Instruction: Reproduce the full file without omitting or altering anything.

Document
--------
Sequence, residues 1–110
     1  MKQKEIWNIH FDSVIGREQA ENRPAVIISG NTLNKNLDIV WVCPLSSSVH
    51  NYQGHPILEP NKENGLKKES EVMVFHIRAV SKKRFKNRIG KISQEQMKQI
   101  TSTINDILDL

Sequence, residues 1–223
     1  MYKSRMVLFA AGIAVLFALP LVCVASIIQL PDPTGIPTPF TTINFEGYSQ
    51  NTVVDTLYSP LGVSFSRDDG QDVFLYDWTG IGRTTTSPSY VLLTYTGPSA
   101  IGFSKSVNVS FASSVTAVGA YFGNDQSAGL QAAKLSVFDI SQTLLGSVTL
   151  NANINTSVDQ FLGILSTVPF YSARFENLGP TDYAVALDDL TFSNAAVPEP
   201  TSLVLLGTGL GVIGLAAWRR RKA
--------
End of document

Sequence, residues 1–110
     1  MKQKEIWNIH FDSVIGREQA ENRPAVIISG NTLNKNLDIV WVCPLSSSVH
    51  NYQGHPILEP NKENGLKKES EVMVFHIRAV SKKRFKNRIG KISQEQMKQI
   101  TSTINDILDL

Sequence, residues 1–223
     1  MYKSRMVLFA AGIAVLFALP LVCVASIIQL PDPTGIPTPF TTINFEGYSQ
    51  NTVVDTLYSP LGVSFSRDDG QDVFLYDWTG IGRTTTSPSY VLLTYTGPSA
   101  IGFSKSVNVS FASSVTAVGA YFGNDQSAGL QAAKLSVFDI SQTLLGSVTL
   151  NANINTSVDQ FLGILSTVPF YSARFENLGP TDYAVALDDL TFSNAAVPEP
   201  TSLVLLGTGL GVIGLAAWRR RKA